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the Message Continues ... 3/85



Newsletter for September 2008


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The Philosophy behind Fasting


    A month long fasting during Ramadhan acts as a spiritual cleansing for those
who fast. The fast purges out all sins of the past and purifies the heart,
soul and mind of a Muslim. Through Ramadhan, a Muslim gets much, much closer
to Allah than any other time of the year. Besides that, Ramadhan as a month
of blessing comes as a Madrasah (school) once a year, teaching him
self-discipline( in using his senses) and time-management in carrying-out
his prayers and daily activities.

Furthermore, Ramadhan calls on an individual Muslim to reflect on the poor
and needy, the under-privileged people living under pathetic conditions all
over the world. By contemplating on the conditions of those who are living
and struggling in war- torn countries and of those living under harsh
weather conditions where there is scarcity of food and water resources, a
Muslim learns patience, perseverance, persistence, moderation, contentment
and austerity through his fast.

The ideal fast in Islam is one that transforms an individual from being
selfish and ego-centric to a person who is God-conscious and one who shows
love and care and compassion to his fellow human beings. It makes him an
individual, who is constantly mindful of his duties to his Creator and to
the rest of mankind. Through the process of fasting, an individual in Islam
becomes a good person in the true sense by bringing out all his humanly
potentials that are dormant in him. Moreover, it also brings out of him many
of the innate godly and angelic attributes in him, and at the same time it
subdues all the evil and animalistic nature that is within him.

Ramadhan & Al-Qur'an

There is an inseparable relationship between Ramadhan and the Holy Qur'an.
It was during the month of Ramadhan that the Qur'an was first revealed to
the Prophet s.a.w. At the time of the first revelation, the Prophet s.a.w.
was in a state of seclusion from the rest of the community contemplating on
the conditions of the Arabs. They led a life far, far away from what has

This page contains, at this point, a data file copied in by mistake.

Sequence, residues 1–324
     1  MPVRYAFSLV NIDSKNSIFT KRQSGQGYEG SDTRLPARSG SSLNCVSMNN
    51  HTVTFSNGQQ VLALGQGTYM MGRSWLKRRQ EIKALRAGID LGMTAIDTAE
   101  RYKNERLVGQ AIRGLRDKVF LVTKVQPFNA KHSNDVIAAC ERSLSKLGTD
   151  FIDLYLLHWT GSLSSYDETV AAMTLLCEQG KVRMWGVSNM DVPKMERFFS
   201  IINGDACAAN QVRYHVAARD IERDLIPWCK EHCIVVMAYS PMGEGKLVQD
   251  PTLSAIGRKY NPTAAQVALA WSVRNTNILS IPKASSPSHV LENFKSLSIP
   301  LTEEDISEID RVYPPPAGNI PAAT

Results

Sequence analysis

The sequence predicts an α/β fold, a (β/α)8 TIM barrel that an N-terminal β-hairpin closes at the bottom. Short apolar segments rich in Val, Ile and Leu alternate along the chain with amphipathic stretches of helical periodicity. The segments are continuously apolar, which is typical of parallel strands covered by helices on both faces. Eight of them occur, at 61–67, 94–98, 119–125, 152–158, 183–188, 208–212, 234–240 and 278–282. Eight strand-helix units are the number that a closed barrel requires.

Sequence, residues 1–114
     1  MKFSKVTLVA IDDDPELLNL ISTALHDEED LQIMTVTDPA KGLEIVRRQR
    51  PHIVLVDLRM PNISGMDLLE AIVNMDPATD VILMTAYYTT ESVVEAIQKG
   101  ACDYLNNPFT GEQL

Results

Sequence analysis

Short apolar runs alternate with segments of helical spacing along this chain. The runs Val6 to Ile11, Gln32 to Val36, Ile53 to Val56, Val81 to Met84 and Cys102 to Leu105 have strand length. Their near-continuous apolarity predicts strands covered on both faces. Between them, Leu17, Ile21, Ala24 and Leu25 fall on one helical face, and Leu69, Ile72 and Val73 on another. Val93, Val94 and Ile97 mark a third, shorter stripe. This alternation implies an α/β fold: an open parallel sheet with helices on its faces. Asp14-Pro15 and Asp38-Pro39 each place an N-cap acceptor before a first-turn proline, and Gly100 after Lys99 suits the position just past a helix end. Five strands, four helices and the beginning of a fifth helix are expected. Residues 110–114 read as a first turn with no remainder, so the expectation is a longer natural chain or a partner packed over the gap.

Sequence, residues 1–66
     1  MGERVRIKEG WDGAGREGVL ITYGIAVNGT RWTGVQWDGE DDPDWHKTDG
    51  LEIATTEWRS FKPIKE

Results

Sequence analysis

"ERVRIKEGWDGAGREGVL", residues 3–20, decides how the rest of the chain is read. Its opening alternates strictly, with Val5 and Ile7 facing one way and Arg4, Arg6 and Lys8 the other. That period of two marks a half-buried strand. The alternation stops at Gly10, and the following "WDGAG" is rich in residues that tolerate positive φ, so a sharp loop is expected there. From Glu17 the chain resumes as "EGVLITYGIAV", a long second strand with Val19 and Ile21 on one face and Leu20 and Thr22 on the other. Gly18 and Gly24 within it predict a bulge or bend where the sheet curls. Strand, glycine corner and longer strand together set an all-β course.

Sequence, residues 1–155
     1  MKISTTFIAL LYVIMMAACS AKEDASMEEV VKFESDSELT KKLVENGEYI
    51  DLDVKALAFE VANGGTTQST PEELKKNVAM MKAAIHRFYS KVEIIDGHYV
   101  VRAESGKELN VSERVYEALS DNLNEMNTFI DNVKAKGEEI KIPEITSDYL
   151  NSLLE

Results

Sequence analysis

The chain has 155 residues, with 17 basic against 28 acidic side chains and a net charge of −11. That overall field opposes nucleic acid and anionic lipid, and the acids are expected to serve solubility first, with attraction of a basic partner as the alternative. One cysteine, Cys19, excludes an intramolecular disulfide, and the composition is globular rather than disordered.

been prescribed by Allah in the Holy Books that came before the Qur'an.
During those days, there was no rule of law in the whole of Arabia. For the
Arabs, might was right. Though they were good in the usage of the Arabic
language, yet they were groping in their spiritual darkness which is known
in the history of the Arabs as `Ayyamul Jahiliyyah' (Days of Ignorance)

At the time when the archangel Jibrail a.s. made his first visitation,
Prophet s.a.w. was sitting in the darkness and stillness of the Cave of
Hira, which is located in Jabal Nur near Makkah. Upon the appearance of
Jibrail a.s. in the cave, there was light and he delivered to Prophet
Muhammad s.a.w. the first five verses from Surah Al-Alaq: "Proclaim! (or
Read!) in the name of your Lord and Cherisher, Who created- Created man, out
of a (mere) clot of congealed blood: Proclaim! And your Lord is Most
Bountiful. He Who taught (the use of Pen). Taught man that he knew not."
Ever since this incident, the Qur'an started to descend in bits and pieces
in according to the need of the time and challenges faced by the Prophet
s.a.w. The whole of the Qur'an was completely revealed in twenty-three years
(13 years in Makkah and 10 years in Madinah)

During his prophet hood, every year during Ramadhan, angel Jibrail a.s will
visit Prophet Muhammad s.a.w. to check on his reading of the Qur'an. As
such, the Prophet's reading of the Qur'an has been refined, and miraculously
he was able to commit the whole Qur'an to memory. This tradition in a way
has made the Qur'an truly authentic compared to the previous Holy Books
which were not preserved in writings. Reading the Qur'an with understanding
during the month of Ramadhan brings a lot of blessings and tranquility to
the hearts of the believers. Those who reads the Qur'an during the fasting
month bring upon themselves additional reward ( thawab) from their Lord.

Fasting is primarily the act of willingly abstaining from some or all food,
drink, or both, for a period of time. A fast may be total or partial
concerning that from which one fasts, and may be prolonged or intermittent
as to the period of fasting. Fasting practices may preclude sexual activity
as well as food, in addition to refraining from eating certain types or
groups of foods; for example, one might refrain from eating meat. A complete
fast in its traditional definition is abstinence of all food and liquids
except for water.
Fasting for religious and spiritual reasons has been a part of human custom
since pre-history. It is mentioned in the Bible, in both the Old Testament
(the Tanach) and New Testament, the Qur'an, the Mahabharata, and the
Upanishads. Fasting is also practiced in many other religious traditions and
spiritual practices.
Fasting is also used in a medical context to refer to the state achieved